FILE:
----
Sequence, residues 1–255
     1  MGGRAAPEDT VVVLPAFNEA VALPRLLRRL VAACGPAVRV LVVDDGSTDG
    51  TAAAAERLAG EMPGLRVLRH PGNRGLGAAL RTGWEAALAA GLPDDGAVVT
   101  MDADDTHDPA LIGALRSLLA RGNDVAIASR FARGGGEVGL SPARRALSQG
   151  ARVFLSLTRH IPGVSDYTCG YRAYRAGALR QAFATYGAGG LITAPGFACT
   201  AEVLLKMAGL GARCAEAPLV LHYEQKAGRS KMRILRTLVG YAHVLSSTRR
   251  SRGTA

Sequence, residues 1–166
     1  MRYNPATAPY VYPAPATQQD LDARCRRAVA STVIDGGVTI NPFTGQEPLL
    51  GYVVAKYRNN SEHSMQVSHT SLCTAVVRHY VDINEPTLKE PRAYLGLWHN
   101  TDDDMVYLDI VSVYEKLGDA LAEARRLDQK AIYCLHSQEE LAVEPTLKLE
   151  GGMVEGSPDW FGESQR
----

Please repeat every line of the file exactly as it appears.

Sequence, residues 1–255
     1  MGGRAAPEDT VVVLPAFNEA VALPRLLRRL VAACGPAVRV LVVDDGSTDG
    51  TAAAAERLAG EMPGLRVLRH PGNRGLGAAL RTGWEAALAA GLPDDGAVVT
   101  MDADDTHDPA LIGALRSLLA RGNDVAIASR FARGGGEVGL SPARRALSQG
   151  ARVFLSLTRH IPGVSDYTCG YRAYRAGALR QAFATYGAGG LITAPGFACT
   201  AEVLLKMAGL GARCAEAPLV LHYEQKAGRS KMRILRTLVG YAHVLSSTRR
   251  SRGTA

Sequence, residues 1–166
     1  MRYNPATAPY VYPAPATQQD LDARCRRAVA STVIDGGVTI NPFTGQEPLL
    51  GYVVAKYRNN SEHSMQVSHT SLCTAVVRHY VDINEPTLKE PRAYLGLWHN
   101  TDDDMVYLDI VSVYEKLGDA LAEARRLDQK AIYCLHSQEE LAVEPTLKLE
   151  GGMVEGSPDW FGESQR